And that’s before getting to the wee problem…do you think local cops and courts would have any interest in defending Amazon’s perceived right to buzz homeowners to deliver toothpaste?

But let’s go further and say you wanted to sport with Amazon by being super self protective. I am sure the lawyers in the house could vastly improve on my napkin-doodle, but one could send a letter to Amazon’s general counsel warning Amazon that it is prohibited from entering your airspace, even for the purposes of making drone deliveries to you, unless they paid, say, $1000 per year, and warning them that you are not responsible for what happens to any Amazon property that impermissibly enters your airspace. You’d probably need language that this notice supersedes any prior understanding.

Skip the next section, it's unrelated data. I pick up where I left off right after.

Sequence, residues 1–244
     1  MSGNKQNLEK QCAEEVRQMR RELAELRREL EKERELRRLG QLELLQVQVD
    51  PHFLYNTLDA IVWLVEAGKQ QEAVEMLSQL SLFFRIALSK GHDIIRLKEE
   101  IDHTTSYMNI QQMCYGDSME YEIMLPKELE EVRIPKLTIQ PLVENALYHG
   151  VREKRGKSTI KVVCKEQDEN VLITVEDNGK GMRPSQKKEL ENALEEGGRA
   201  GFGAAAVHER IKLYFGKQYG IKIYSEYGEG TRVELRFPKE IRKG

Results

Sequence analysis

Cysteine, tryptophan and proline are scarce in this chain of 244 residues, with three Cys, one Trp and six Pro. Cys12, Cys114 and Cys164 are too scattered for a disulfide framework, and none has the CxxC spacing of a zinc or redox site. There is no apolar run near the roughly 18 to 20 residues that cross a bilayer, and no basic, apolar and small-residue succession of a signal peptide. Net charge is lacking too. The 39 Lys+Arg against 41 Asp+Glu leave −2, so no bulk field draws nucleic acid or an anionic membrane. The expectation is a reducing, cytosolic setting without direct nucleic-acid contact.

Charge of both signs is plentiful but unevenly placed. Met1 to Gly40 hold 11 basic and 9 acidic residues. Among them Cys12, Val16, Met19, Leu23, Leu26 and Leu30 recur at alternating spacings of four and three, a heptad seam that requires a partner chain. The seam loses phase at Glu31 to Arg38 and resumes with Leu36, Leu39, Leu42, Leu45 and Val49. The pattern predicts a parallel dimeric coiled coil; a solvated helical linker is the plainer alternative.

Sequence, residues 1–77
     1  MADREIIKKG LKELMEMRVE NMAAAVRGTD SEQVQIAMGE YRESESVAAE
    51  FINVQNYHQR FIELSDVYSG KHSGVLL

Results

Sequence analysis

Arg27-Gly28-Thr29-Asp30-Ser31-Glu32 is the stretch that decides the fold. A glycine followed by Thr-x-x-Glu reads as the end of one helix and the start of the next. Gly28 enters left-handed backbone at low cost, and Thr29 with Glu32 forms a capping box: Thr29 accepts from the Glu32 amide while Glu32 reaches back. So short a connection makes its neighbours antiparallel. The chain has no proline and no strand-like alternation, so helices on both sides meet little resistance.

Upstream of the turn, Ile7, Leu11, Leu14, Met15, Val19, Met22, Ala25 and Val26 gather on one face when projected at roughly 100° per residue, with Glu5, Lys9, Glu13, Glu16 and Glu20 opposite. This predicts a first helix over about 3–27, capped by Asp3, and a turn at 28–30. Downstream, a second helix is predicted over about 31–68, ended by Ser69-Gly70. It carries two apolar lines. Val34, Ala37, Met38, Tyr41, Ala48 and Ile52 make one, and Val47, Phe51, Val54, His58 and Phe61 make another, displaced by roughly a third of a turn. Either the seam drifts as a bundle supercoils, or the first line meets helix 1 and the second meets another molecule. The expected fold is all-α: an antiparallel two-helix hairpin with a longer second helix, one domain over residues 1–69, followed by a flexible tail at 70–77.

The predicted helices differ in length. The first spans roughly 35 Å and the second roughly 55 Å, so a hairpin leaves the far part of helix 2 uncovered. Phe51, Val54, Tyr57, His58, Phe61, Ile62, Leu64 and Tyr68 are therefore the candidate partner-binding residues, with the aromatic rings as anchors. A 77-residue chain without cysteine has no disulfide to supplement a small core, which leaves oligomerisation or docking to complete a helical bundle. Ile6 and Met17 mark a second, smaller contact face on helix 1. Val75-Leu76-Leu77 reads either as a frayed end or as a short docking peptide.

If you are so lucky as to dispatch a drone, I would hang onto the damaged drone and delivery. I’d wait a day or so to make sure the delivery is late before informing Amazon that they are welcome to send a live human being by to pick up their stuff if they are so inclined.

Fortunately, mass Amazon droning is highly unlikely to be part of your future. But you should be well armed in case things go that way!

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1 My understanding is that renters get to exercise the air rights of the property owner during their tenancy.